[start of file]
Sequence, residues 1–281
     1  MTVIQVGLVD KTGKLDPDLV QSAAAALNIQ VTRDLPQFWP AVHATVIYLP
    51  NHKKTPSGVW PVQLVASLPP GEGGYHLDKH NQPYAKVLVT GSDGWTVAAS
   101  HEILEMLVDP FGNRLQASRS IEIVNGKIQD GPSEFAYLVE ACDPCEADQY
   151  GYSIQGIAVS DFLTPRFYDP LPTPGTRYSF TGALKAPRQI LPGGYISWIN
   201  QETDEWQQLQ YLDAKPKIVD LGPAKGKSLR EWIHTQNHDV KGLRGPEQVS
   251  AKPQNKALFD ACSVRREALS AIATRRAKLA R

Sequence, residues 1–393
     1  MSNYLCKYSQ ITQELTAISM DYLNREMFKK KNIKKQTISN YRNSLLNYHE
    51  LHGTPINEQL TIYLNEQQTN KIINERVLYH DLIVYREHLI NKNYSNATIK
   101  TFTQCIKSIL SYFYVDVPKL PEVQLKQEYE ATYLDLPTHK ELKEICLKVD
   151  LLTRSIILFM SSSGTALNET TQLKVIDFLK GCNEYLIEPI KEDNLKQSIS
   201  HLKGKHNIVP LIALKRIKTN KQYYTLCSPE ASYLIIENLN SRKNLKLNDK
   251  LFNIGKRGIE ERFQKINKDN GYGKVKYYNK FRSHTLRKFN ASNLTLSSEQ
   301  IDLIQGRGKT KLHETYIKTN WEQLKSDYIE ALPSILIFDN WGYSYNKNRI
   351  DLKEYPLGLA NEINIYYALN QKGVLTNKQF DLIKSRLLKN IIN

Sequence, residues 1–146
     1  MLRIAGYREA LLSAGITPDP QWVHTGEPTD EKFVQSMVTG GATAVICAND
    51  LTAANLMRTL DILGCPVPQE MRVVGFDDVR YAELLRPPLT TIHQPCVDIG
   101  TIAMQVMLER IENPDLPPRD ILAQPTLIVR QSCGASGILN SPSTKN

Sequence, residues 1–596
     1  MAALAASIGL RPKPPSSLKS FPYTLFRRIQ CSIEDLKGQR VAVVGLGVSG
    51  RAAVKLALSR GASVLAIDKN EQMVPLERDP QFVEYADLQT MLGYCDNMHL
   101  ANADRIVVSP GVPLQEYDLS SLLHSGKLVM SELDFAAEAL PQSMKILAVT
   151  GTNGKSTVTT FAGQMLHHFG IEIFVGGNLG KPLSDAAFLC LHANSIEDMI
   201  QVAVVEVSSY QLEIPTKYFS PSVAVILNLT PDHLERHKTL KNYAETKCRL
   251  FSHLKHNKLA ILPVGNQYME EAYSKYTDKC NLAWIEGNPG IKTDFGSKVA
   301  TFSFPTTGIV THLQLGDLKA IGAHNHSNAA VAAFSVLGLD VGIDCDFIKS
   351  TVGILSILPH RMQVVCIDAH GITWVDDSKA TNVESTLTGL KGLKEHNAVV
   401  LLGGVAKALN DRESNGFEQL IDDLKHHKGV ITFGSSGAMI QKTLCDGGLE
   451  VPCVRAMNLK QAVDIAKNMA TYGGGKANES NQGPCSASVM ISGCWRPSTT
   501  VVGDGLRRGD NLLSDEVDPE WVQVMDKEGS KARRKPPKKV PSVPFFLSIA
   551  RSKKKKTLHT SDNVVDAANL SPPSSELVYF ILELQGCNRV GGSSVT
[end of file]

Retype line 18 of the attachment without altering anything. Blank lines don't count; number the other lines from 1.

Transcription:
     1  MLRIAGYREA LLSAGITPDP QWVHTGEPTD EKFVQSMVTG GATAVICAND